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. Last Updated: 07/27/2016

Europe to Aid Ailing Russian Steel Mills

Two European consulting firms have won a contract to examine ways to reorganize Russia's ailing steel industry, an industry source said Monday.


French Sofres-Conseil and Munich-based Roland Berger have been selected by the European Commission to help Russia restructure some of its biggest steel plants, said Leonid Shevelyov, deputy head of the state metallurgy committee.


"The tender winners will have to study possible ways of getting the steel industry out of the crisis in which it is now," Shevelyov said by telephone. The project would have a 2 million Ecu (about $2.4 million) budget and would be entirely financed by the 1993 TACIS privatization program.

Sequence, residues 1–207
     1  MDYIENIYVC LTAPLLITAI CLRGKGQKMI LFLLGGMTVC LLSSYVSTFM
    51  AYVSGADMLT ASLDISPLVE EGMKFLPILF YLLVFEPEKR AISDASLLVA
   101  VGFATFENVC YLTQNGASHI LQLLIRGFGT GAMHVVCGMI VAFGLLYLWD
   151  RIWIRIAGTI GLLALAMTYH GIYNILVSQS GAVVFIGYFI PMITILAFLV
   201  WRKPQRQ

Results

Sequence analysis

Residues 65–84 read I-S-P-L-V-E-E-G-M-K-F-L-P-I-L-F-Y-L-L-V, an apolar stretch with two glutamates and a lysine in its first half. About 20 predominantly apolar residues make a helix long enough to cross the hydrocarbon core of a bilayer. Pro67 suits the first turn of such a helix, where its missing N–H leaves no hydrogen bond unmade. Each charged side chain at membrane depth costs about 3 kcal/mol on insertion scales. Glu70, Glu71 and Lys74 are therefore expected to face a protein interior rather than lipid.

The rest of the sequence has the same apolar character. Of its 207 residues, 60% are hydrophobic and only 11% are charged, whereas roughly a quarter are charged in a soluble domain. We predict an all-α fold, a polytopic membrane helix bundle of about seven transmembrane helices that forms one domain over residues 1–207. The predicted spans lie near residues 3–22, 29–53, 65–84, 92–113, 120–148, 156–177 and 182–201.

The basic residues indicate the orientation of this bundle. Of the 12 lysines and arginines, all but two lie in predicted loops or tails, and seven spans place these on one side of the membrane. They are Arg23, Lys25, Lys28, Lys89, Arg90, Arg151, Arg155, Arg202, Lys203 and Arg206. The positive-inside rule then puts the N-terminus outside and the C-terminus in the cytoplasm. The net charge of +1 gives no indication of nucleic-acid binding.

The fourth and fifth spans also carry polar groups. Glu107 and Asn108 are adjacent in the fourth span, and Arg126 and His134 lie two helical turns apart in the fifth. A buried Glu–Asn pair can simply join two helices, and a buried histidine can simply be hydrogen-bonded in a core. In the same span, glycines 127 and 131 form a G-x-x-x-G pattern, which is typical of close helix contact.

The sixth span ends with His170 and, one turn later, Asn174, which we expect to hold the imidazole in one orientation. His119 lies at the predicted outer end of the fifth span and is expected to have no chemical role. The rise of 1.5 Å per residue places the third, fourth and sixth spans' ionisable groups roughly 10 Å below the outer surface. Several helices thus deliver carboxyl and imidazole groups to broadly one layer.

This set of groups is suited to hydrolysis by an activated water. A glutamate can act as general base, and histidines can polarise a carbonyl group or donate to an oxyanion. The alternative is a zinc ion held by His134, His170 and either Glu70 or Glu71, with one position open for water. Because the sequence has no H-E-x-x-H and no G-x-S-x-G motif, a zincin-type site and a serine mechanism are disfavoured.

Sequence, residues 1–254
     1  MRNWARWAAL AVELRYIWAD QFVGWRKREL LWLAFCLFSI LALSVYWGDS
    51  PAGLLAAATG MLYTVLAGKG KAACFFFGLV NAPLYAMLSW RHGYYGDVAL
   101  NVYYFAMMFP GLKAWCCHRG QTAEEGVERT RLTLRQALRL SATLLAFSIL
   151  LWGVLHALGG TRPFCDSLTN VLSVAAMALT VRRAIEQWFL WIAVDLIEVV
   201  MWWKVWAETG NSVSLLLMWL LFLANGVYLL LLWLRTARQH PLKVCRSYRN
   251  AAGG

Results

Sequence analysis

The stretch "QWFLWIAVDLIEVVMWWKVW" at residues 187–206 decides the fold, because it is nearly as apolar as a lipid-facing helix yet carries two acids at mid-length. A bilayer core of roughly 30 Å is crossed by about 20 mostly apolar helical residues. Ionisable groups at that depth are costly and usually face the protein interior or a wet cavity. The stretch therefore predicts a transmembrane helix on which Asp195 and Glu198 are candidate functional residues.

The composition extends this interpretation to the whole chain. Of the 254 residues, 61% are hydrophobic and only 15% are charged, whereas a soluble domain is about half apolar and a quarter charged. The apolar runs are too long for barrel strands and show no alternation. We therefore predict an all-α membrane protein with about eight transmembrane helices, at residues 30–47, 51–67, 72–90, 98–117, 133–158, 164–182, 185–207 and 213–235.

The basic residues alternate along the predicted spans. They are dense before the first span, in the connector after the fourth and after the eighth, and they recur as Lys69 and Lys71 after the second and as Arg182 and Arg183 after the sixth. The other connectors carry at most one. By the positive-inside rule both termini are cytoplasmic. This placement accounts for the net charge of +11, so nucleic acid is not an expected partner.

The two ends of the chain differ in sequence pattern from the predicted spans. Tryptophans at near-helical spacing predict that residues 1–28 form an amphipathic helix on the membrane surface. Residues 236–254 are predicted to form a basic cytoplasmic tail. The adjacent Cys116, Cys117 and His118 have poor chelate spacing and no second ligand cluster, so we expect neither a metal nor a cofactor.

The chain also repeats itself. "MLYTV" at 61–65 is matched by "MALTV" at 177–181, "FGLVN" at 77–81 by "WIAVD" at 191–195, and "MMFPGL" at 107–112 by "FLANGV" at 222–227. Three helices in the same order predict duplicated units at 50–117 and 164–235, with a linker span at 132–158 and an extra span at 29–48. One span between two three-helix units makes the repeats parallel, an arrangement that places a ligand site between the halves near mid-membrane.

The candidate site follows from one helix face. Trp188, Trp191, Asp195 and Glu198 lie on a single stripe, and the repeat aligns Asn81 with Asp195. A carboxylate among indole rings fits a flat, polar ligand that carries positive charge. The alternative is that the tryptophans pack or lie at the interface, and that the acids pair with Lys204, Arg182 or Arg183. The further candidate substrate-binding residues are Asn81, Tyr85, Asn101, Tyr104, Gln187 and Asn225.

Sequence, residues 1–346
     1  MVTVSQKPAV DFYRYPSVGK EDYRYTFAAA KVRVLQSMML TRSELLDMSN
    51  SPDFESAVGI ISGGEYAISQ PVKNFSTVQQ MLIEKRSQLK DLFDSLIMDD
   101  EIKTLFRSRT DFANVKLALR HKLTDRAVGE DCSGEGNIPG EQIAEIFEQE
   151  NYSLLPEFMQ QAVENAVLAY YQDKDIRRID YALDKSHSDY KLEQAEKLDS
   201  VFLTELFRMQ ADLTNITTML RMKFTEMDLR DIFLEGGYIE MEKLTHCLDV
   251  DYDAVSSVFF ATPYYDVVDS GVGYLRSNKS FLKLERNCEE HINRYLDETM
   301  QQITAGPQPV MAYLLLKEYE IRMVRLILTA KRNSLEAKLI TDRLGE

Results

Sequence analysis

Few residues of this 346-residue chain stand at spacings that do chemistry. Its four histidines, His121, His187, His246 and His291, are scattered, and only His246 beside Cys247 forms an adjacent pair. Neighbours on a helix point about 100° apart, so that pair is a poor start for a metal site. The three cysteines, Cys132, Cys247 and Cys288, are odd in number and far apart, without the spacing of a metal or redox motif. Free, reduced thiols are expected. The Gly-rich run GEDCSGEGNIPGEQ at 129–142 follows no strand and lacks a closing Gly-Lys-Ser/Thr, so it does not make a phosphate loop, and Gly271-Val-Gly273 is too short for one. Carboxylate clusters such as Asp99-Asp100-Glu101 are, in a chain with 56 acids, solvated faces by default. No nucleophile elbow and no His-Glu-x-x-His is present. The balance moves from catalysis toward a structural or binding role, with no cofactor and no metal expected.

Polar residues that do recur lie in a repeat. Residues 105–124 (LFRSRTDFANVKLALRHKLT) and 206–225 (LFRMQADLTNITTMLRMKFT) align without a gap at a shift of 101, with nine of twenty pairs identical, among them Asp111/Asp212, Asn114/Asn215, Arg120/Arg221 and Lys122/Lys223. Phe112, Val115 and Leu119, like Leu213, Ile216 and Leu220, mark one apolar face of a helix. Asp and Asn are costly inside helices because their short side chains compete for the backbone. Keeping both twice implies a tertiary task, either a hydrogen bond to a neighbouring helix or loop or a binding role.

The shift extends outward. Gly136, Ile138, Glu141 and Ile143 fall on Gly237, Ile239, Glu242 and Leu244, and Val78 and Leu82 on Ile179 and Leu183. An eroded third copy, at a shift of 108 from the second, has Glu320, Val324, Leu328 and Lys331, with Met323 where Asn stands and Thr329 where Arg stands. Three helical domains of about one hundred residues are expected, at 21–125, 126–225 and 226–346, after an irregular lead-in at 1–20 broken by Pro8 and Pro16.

TACIS, set to be officially launched this week, is the EC's technical assistance program to the newly independent states.


The steel-industry assistance program would have to be completed within 12 to 15 months, privatization adviser to the EC's Moscow representation Luigi Narboni said.


After a first selection of 40 steel plants, between three and five would be chosen for in-depth restructuring and would benefit from the European aid.


Among possible candidates are the giant Magnitogorsk, Nizhny-Tagil, Moscow, Cherepovets, Izhevsk and Achinsk steel combines.


Last month, the Magnitogorsk plant became the target of a $650 million investment project led by a consortium of Russian banks, car manufacturers and the Gazprom natural gas monopoly. The six-year modernization project includes the construction of a new $500 million cold-rolled steel plant, to be completed within two years and produce some 2 million tons of high-quality rolled steel annually.


Questions remain, however, over the consortium's ability to finance the massive project.


Russia's steel industry is hampered by outdated technology. Its output fell by between 20 and 25 percent in the first quarter of 1994.


(Reuters, MT)